Mr. Raheem was convicted of nine counts, including malice and felony murder, armed robbery, aggravated assault and burglary.
Prosecutors said he took Brandon Hollis to a wooded area in May 1999 to go target shooting.
Instead, Mr. Raheem shot him in the head and returned to the Hollis home where he shot Miriam Hollis, a customer service agent for Delta Air Lines. After the shooting, Mr. Raheem stole her car.
Today: North Augusta City Council, 7 p.m., Municipal Building, Buena Vista Avenue
Fairfax Town Council, 6 p.m., Town Hall, U.S. Highway 278
Tuesday: Columbia County Commission, 6:30 p.m., Evans Government Center Auditorium
Aiken County Council, 7 p.m., County Council Annex, Richland Avenue
McCormick Town Council, 7 p.m., Town Hall, Augusta Street
Wednesday: Augusta Commission's Delineation of Responsibilities subcommittee, 1 p.m., Room 803, Municipal Building, 530 Greene St.
Augusta Commission, 2 p.m., eighth-floor commission chamber, Municipal Building, 530 Greene St.
Thursday: Edgefield County Board of Education, 7:30 p.m., Strom Thurmond High School Library, South Carolina Highway 23
Friday: Citizens Advisory Budget Committee Meeting, 4:30 p.m., eighth-floor commission chamber, Municipal Building, 530 Greene St.
BLOOD DONATIONSToday: 12:30 to 4:30 p.m., Gracewood State School and Hospital, 100 Myrtle Drive; 7 a.m. to 11 p.m., Amoco Performance Products, 3702 Clanton Road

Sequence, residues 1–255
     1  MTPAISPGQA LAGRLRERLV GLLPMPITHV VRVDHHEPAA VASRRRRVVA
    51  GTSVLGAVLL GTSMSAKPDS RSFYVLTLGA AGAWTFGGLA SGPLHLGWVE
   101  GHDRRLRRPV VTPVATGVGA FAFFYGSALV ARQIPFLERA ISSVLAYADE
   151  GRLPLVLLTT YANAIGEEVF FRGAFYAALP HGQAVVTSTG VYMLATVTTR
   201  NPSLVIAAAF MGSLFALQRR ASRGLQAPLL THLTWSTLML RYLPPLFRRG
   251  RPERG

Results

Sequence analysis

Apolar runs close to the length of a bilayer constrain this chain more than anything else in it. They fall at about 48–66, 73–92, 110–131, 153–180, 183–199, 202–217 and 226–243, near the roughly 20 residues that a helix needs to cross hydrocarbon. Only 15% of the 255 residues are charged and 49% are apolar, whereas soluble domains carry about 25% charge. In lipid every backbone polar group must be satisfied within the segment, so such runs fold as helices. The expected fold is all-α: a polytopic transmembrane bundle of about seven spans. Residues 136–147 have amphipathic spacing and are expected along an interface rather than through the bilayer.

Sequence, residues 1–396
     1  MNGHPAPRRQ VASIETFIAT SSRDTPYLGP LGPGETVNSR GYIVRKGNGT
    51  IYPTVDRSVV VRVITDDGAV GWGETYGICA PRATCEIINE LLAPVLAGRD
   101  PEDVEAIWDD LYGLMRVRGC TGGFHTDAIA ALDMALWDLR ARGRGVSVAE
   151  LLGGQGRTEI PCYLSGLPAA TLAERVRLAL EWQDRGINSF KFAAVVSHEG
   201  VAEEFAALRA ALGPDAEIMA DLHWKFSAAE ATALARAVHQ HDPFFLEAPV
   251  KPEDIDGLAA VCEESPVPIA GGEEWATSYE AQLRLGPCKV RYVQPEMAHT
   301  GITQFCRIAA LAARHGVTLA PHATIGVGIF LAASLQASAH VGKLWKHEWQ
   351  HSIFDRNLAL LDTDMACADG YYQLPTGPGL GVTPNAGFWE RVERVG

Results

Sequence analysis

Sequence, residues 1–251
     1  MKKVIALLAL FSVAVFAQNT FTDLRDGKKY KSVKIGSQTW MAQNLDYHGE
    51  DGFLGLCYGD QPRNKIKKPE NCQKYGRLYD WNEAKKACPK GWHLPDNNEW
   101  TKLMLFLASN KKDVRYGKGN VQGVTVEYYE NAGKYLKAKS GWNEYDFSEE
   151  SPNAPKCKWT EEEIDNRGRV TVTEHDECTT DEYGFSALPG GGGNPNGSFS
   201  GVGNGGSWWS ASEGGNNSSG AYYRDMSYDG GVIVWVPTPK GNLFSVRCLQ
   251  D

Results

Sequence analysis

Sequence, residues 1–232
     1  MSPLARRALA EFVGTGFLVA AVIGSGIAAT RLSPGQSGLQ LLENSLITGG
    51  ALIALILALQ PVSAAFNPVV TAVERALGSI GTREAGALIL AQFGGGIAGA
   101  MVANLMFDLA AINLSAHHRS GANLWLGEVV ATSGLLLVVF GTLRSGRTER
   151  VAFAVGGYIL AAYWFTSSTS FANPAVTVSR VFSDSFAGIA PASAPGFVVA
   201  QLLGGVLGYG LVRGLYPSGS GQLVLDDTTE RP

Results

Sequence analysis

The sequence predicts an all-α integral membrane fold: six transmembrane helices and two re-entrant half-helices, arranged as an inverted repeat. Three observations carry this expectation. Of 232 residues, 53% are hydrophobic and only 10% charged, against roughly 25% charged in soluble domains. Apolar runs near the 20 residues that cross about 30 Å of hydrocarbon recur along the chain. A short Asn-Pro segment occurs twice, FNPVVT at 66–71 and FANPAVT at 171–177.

Tuesday: 11 a.m. to 7 p.m., Windsor Springs Baptist Church (Black History Month Sickle Cell Drive), 3692 Windsor Spring Road; 8 a.m. to noon, Milliken, 79 Calhoun St., Johnston, S.C.; 8 a.m. to 3 p.m., SRS S Area, Aiken.
Wednesday: 8 a.m. to 3 p.m., SRS A Area; 10 a.m. to 4 p.m., Williston Elko High School, 12255 Main St., Williston, S.C.
Thursday: 10 a.m. to 6 p.m., Shepeard's Aiken Community Blood Center, SRP Federal Credit Union Building, 1920 Whiskey Road, Aiken; 9 a.m. to 4 p.m., Aiken County Employees, 828 Richland Ave. W., Aiken; 10 a.m. to 3 p.m., First Union Bank, Seventh and Broad streets
Friday: 10 a.m. to 6 p.m., Shepeard's Aiken Community Blood Center, SRP Federal Credit Union Building, 1920 Whiskey Road, Aiken; 9 a.m. to noon, UCB Chemicals, 131 Revco Road, North Augusta; 1 to 3 p.m., Halocarbon, 1100 Dittman Court, North Augusta
Sunday: 9 a.m. to 12:30 p.m., Prince of Peace Evangelical Lutheran Church, 968 Ferrous Road NE, Martinez